Free cooling refers to any technique used to reduce the energy consumed by cooling systems, or the time that the cooling units run, by using the outside temperature of air or water to cool the facility. Generally, it comes from the use of air-side and water-side economizers.
What is Free Cooling & How Does it Save Energy
For facilities with water- or air-cooled chilled water plants, free cooling is an economical method of using low external air temperatures to assist in chilling water, which can then be used for industrial processes, or air conditioning systems. Used in the cooler months of the year, such systems can be made for single buildings or cooling networks. Free cooling can also extend the working life of installed cooling systems, lowering the energy and maintenance costs for facility owners.
The cooling provided, of course, is not completely “free” because the tower, chilled water pumps, and tower fans still must be operated. Nonetheless, it allows cost conscious building or process owners and operators to take advantage of naturally occurring climate conditions to save system operating costs.
Free cooling strategies rely on economizers. Economization is accomplished by taking advantage of the temperature difference between indoor and outdoor ambient conditions rather than running compressors to provide the cooling. The effectiveness of an economizer depends on loads characteristics of the building, type of HVAC system and the local climate.
Economizers draw in outdoor air and mix it with return air from indoors. Airside economization can be accomplished by pulling cool dry air straight into the building, which is the simplest and most efficient option in many cases. Waterside economization, in contrast, uses an indirect method of economization and pulls cool water from a cooling tower or dry cooler that is cooled by outdoor air and runs the water through coils inside the HVAC units in the building.
A water-side economizer eliminates the need for cooling via compressors and is an effective way to maintain temperature and humidity requirements while reducing or eliminating chiller use.
Water-side economizers are best suited in climates where the wet bulb temperature is lower than 55°F for 3,000 hours or more. This describes the majority of the United States, barring areas in the extreme Southwest and portions of the Southeast. They are commonly used in data centers, which produce a near-constant internal cooling load, and provide an extra level of cooling redundancy in the event of chiller failure.
Water-side economizers are preferable to their air-side counterparts for applications in which specific minimum humidity levels are called for, such as laboratories and hospitals. The waterside economizer requires a winterized cooling tower in many climates. Since the tower is expected to operate when it’s cold outside, it cannot be seasonally drained.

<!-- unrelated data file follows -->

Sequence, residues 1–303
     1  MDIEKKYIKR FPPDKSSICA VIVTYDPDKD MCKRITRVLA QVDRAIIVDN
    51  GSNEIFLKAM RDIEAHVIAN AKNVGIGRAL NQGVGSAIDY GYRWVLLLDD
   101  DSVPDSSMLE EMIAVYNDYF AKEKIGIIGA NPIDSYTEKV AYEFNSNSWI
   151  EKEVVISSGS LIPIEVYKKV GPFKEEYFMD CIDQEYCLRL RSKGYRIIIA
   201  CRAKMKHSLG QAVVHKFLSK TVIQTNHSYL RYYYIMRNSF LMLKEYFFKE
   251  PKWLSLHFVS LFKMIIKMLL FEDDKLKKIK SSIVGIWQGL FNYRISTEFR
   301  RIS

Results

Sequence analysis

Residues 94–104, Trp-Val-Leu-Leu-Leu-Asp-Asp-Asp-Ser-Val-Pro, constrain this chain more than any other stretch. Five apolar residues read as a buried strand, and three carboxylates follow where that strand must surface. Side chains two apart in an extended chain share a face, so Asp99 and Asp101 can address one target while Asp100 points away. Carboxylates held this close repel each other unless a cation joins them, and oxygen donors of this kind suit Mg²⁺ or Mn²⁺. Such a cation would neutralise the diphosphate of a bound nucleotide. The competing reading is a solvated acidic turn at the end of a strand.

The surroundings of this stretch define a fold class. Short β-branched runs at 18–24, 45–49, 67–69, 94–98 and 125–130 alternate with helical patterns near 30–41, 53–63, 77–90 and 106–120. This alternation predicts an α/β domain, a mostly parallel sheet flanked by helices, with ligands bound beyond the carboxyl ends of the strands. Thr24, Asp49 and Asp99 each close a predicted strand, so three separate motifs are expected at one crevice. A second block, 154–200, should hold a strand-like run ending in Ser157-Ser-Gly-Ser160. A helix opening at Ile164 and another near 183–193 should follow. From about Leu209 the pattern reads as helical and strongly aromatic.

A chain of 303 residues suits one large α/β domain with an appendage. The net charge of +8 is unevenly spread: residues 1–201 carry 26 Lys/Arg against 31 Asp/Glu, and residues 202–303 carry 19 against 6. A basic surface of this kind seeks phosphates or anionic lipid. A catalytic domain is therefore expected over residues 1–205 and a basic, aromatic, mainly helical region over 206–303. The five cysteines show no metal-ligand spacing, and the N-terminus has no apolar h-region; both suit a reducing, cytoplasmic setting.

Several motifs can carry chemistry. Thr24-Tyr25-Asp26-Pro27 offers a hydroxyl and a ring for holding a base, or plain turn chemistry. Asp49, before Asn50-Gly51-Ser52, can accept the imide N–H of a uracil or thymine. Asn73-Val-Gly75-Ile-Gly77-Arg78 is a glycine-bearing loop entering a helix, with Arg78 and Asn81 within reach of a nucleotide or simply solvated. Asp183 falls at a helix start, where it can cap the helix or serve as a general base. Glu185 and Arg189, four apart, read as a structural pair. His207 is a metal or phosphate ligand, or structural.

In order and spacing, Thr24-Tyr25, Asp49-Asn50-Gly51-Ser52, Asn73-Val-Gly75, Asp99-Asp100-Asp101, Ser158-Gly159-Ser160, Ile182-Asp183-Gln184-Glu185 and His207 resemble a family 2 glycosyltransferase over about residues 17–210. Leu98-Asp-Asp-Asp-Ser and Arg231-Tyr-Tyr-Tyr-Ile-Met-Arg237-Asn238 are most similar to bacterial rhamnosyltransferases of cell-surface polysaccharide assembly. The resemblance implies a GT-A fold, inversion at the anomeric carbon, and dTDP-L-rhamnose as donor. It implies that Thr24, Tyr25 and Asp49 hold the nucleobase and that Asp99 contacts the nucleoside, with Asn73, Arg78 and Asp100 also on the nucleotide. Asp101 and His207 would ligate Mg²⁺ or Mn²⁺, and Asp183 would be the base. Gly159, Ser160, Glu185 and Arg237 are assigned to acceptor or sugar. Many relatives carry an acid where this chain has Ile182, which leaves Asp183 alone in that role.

Airside economizers are a duct and damper arrangement that allow a cooling system to supply outdoor air to reduce or eliminate the need for mechanical cooling during mild or cold weather. At outside air temperatures below 55 F, the compressors are not required to run, which conserves energy. In turn, cooler outside air is used to cool the space, hence the term “free cooling.”
Common Free Cooling Strategies
Determining the most effective free cooling strategy varies by facility. Below are three of the most common strategies.
Strainer cycle: In this system, the condenser and chilled-water systems are connected. When the outdoor wetbulb temperature is low enough, cold water from the cooling tower is routed directly into the chilled-water loop. Although the strainer cycle is the most efficient water economizer option, it greatly increases the risk of fouling in the chilled-water system and cooling coils with the same type of contamination that is common in open cooling-tower systems. A strainer or filter can be used to minimize this contamination, but the potential for fouling prevents its widespread use.
Refrigerant Migration: In this system, valves are open between the condenser and evaporator of the chiller when the compressor is off. This allows free migration of refrigerant vapor from the evaporator to the compressor and of liquid refrigerant from the condenser to the evaporator.
Plate-and-Frame Heat Exchanger (HX): Another way to reduce the energy consumption of a chilled-water plant is to precool the water in the chilled-water loop before it enters the evaporator. This can be accomplished by piping a plate-and-frame heat exchanger into the chilled-water and condenser-water loops. When the ambient wet-bulb temperature is low enough, the heat exchanger transfers heat from the chilled water returning to the evaporator to the condenser water returning from the cooling tower. Precooling the chilled water before it enters the evaporator lessens the cooling burden, reducing the energy that the chiller uses.
Free Cooling & Proper Controls
Energy savings from free cooling rely on the appropriate design and controls to work optimally. Economizers add another level to the cooling scheme and must be engineered into the air handling system and controls. Interactions between the economizer and mechanical cooling (condenser pump, tower fan, chilled water pumps, fans, etc. ) must also be seamless and well-defined to ensure energy savings are achieved.
Coupling a free cooling system with an optimization solution like Xpress® allows seamless monitoring and management of all cooling equipment. Along with live and historical data capture, Xpress® combines real-time algorithms and extensive HVAC design experience to automatically optimize operating settings for equipment, maximizing free cooling and reducing energy costs.